Brazil’s Nuvem de Livros might not be getting much attention in the English language blogosphere but it is drawing the attention of readers.
This service recently boasted that they have 1 million users in Brazil and Argentina, making them the single largest ebook subscription service short of the Kindle Owner’s Lending Library.
The reason for their success? Students.
Nuvem de Livros was launched to offer students access to content that Brazil’s limited school libraries couldn’t provide. Terra Brasil reports that this platform was developed in partnership with the Brazilian telecom Vivo, and that it has a goal of supporting the 15 million Brazilian students who only have a limited access to a library, as well as the 3 million college students taking distance learning courses.
Students pay a discounted subscription of 2 Brazilian reais per month (under $1), while regular subscribers pay 6 reais per month. They can read ebooks from a 10 thousand title catalog in their web browser or in apps for iPad, Android, and iPhone.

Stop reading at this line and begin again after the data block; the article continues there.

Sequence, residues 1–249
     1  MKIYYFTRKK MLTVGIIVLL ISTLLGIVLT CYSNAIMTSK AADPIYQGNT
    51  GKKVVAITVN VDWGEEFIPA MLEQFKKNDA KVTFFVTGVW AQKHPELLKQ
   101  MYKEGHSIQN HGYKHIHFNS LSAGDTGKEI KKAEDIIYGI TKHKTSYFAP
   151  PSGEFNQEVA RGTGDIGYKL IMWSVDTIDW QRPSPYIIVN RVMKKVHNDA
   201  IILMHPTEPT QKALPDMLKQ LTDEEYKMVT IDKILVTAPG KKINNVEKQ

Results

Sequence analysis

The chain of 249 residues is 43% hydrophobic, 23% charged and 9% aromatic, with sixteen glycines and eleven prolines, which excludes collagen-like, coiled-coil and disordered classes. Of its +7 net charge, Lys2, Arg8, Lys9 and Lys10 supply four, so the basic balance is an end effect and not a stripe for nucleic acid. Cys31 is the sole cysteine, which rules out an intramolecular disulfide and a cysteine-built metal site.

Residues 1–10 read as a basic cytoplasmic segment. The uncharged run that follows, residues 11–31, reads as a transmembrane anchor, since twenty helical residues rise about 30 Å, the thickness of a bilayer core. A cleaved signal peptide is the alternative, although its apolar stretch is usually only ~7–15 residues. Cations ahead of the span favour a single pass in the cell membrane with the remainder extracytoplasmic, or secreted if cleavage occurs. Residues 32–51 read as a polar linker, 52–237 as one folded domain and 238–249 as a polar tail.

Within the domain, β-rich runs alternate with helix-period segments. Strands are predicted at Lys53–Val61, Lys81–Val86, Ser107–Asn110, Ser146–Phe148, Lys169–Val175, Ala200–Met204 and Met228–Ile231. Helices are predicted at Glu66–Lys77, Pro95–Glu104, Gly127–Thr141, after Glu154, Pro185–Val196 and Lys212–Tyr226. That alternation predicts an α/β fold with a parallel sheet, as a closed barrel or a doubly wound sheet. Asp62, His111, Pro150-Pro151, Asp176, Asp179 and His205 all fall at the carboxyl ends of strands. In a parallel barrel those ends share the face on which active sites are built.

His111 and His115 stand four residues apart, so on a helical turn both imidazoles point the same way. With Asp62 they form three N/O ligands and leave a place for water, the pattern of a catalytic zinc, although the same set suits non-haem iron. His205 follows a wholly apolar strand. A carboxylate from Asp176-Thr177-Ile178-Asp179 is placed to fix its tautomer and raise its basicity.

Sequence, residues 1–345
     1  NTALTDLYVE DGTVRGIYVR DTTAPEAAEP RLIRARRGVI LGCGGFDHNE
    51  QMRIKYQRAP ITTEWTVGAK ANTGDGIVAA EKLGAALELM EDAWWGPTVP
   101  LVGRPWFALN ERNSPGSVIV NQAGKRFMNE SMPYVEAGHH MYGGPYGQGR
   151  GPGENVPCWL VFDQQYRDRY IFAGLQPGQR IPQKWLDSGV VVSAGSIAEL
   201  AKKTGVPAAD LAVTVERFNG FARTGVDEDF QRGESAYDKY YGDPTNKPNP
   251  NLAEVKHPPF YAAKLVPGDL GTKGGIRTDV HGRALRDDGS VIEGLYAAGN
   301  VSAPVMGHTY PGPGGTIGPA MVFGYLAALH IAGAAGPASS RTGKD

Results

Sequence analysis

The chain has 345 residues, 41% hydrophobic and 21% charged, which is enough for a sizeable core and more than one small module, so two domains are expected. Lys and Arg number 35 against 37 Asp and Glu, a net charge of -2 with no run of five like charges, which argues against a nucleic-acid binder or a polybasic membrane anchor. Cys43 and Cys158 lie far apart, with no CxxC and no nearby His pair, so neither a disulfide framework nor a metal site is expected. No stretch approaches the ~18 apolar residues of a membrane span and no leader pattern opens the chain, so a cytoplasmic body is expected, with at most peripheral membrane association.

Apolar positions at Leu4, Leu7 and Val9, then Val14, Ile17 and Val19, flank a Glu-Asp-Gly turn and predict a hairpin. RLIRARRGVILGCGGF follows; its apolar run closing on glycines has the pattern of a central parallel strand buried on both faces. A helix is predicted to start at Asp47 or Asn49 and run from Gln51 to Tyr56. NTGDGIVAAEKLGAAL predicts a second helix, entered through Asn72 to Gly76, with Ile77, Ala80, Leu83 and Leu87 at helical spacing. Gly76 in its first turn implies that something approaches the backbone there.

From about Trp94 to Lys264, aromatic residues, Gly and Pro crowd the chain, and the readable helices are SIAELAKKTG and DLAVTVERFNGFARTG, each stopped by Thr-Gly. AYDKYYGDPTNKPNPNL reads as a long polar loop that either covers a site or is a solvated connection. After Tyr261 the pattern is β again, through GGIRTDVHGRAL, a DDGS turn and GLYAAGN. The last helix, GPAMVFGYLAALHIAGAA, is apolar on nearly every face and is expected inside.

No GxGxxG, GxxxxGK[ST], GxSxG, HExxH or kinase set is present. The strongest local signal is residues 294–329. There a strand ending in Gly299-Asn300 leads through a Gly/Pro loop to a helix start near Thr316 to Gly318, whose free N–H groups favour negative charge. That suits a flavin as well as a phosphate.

The students can read novels, biographies, short story collections, or essays, and they can also look up terms in encyclopedias and dictionaries or study interactive maps. The Nuvem de Livros catalog also includes audiobooks, educational videos, and author interviews. The apps are equipped with features that allows users to search through books to find specific terms, bookmark pages, and learn.
Brazil has passed a law that requires schools to have well-stocked libraries by 2020, but based on current trends (as anyone familiar with school funding could tell you) it doesn’t seem likely that they’ll achieve this goal.
Surprisingly, they have managed to bring internet access to schools in a timely fashion. The latest data from the Brazilian government shows that 94% of public schools in Brazil in 2012.. That figure is far higher than the percentage of schools that have libraries, much less well-stocked libraries. It’s also far higher than the 40% of Brazilians households which had access to the internet
Nuvem de Livros is already available in Argentina and plans to launch in other Latin American countries and Spain in September.
As they add more Spanish language content they’ll move more into direct competition with 24Symbols, a competing service that offers more titles (15 thousand at last count) but has far fewer users (175,000).